When I was in 7th grade, my entire church went on a fast. I was only thirteen, but I decided to take on the challenge. I’m going to be totally honest, I didn’t go into the fast in the right frame of mind. I didn’t go into it to grow closer to God and become a stronger Christian. I was a chubby middle-schooler! I went into it to lose some weight.
By 5 p.m., with only a carton of orange juice in my belly, I crashed. I was not the type to nap but that’s what I was doing when my mom got home from work. I was weak, shaky, and just totally out of it. My mom talked to me about it and mentioned giving something else up. I ended up giving up on the fast but it’s never been very far from my mind.
Media fasting is an idea that I heard about probably a year or so ago. I don’t remember where I first heard about it but it really appealed to me. I am so attached to technology. I check Twitter multiple times an hour. I love the blogging community so much that I feel an express need to catch up on blogs daily. And writing blogs is something that brings me so much joy and happiness. I love TV. While I don’t watch too many hours of TV a day, I still have a lot of shows I do watch. (And love.) And, honestly, who could deny loving Facebook drama? My attention is pulled in so many different directions. My focus shifts constantly. It cuts into my quiet time with God, my prayer life, and quality time with family.
I’ve been feeling so stagnant and dull in my life lately. While I’m taking on challenges, achieving some great things, and being totally honest with my feelings, I still feel like I’m not doing enough with my life. I feel like I could do so much more, but I’m so scared to take a leap of faith and do it.
So I took a week off from the media world. It wasn’t a true media fast since I still did watch TV (although no more than I usually did) and did spend some time on the computer. I stayed away from all social media and blogging. When I was on the computer, it was mostly for school.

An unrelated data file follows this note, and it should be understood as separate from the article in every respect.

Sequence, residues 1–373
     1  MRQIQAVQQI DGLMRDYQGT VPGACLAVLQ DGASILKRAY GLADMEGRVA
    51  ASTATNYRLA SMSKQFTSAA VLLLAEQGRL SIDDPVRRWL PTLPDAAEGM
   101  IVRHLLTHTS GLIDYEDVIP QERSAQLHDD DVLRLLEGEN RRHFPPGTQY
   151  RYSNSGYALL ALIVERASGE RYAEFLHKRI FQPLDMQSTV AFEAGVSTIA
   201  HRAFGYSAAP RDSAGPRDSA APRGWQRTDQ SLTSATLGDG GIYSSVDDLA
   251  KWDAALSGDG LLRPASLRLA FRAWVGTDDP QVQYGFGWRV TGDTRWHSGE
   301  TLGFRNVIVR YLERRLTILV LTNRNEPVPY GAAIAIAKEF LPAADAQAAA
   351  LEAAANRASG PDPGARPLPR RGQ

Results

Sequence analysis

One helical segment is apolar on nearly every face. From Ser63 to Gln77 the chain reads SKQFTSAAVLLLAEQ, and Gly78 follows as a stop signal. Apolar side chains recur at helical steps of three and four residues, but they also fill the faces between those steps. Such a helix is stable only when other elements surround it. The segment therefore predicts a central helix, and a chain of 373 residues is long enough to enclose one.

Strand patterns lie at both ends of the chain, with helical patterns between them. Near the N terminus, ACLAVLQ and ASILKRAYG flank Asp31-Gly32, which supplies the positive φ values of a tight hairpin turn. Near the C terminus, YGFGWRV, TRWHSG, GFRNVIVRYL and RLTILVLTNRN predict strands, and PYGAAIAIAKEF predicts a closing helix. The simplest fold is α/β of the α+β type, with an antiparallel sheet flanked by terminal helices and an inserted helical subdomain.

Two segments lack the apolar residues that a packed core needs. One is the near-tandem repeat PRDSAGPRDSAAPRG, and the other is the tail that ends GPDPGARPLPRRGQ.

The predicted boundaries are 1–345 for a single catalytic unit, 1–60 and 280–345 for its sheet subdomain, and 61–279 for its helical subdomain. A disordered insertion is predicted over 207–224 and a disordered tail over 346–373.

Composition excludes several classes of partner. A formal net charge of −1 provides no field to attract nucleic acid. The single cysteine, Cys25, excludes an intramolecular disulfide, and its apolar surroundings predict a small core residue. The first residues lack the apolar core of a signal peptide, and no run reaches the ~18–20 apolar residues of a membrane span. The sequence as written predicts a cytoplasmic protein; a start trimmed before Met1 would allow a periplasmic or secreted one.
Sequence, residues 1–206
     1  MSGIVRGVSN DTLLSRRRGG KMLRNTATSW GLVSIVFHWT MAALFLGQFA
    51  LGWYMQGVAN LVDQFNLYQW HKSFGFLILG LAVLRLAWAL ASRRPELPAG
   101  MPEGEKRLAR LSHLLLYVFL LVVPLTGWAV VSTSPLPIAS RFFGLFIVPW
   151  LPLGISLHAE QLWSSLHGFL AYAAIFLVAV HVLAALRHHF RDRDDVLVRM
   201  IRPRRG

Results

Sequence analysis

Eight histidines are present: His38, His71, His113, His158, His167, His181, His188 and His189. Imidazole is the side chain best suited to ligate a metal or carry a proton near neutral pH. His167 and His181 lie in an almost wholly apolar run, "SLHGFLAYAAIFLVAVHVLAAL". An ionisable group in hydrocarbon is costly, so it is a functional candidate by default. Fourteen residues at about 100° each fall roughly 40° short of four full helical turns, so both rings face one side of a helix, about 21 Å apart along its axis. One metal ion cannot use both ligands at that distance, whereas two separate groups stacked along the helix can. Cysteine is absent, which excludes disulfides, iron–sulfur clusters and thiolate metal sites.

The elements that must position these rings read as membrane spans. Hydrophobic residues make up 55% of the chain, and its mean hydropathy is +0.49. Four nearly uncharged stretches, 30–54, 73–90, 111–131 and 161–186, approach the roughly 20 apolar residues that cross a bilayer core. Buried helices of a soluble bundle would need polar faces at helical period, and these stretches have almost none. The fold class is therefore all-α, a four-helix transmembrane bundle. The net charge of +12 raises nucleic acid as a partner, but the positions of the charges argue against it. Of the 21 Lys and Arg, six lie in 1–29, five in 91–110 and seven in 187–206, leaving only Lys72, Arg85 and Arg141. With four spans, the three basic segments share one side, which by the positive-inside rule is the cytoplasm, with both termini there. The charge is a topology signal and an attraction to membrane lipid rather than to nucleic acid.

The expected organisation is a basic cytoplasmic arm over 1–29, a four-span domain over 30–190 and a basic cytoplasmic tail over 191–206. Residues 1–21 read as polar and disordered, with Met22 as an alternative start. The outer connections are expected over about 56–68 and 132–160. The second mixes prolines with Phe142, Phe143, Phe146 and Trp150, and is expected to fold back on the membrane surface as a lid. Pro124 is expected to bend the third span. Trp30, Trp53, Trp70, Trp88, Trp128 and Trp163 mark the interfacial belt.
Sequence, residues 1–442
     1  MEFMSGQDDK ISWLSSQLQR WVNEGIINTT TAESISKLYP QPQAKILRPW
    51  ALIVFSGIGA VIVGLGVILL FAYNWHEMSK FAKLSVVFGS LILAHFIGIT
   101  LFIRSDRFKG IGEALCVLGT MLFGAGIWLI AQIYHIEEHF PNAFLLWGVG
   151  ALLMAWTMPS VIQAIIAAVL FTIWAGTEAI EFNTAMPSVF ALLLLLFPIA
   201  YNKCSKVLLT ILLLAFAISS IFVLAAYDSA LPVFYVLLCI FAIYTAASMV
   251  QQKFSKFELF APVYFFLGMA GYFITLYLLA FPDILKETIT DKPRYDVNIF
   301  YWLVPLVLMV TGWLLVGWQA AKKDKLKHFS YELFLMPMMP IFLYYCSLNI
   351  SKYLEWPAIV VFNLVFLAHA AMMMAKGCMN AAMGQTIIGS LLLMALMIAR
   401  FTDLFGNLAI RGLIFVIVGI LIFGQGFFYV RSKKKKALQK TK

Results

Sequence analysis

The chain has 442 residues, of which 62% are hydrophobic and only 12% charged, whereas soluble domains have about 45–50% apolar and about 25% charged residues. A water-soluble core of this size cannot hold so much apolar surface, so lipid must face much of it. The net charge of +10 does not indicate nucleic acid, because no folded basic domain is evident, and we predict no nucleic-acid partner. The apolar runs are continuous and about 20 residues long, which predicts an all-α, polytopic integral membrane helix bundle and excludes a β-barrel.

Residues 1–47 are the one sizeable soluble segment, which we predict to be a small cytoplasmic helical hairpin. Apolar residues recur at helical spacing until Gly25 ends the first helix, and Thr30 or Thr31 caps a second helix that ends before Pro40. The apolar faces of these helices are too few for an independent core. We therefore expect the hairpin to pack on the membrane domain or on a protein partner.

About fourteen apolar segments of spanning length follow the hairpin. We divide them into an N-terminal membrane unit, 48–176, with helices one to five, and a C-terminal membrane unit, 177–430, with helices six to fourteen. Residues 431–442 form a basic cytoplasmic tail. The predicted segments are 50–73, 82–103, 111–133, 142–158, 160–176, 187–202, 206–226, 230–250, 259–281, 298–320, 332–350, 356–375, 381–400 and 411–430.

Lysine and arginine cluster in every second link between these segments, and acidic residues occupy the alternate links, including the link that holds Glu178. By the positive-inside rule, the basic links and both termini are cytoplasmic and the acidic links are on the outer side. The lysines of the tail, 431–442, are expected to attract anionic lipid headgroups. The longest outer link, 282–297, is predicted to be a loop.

At first, it was weird. When I woke up on Monday morning, I immediately reached for my phone to check what happened on Twitter while I was sleeping. And then I remembered. Media fast, media fast, media fast. And honestly, being off Twitter/Facebook/blogs/etc. wasn’t as awful as I first thought. I missed it at certain times but not as much as I thought it would. I felt so much more focused. There was a certain peace that came from being away from it all. I didn’t feel a need to check Twitter just in case I missed something important. I didn’t care what drama was going down on Facebook. And while I began to severely miss my blogging friends and reading about your lives, it felt good not to have a need to read every single word you wrote and analyzing whatever lame comment I happened to leave.
During my fast, I finally established some quiet time with God. I sat down and wrote out a five-year plan, as well as smaller yearly goals to accomplish. I figured out our finances and why we still seem to be struggling, even after downsizing. I worked out a lot. I napped a lot. I was calm, peaceful, and happy. (But not so happy that I didn’t miss YOU guys!)
I loved doing this. I loved it so much that I want to start doing monthly weekend fasts. And I want these to be true fasts where I completely step away from the Internet and TV. I want to use the time to be engrossed in the Word, praying, and strengthening my relationship with God.
Even if you don’t have the same goals as me, I still encourage taking a break from the Internet, even if it’s just for a few hours or a day. Just to get away from it all and refocus your attention. It doesn’t have to be about faith. In the end, this fast was good for me as an individual. I really feel like it brought me from stagnation to hope. I have goals for the future. I have plans on how to achieve those goals. (And I also have a hot new ‘do that’s getting some rave reviews!)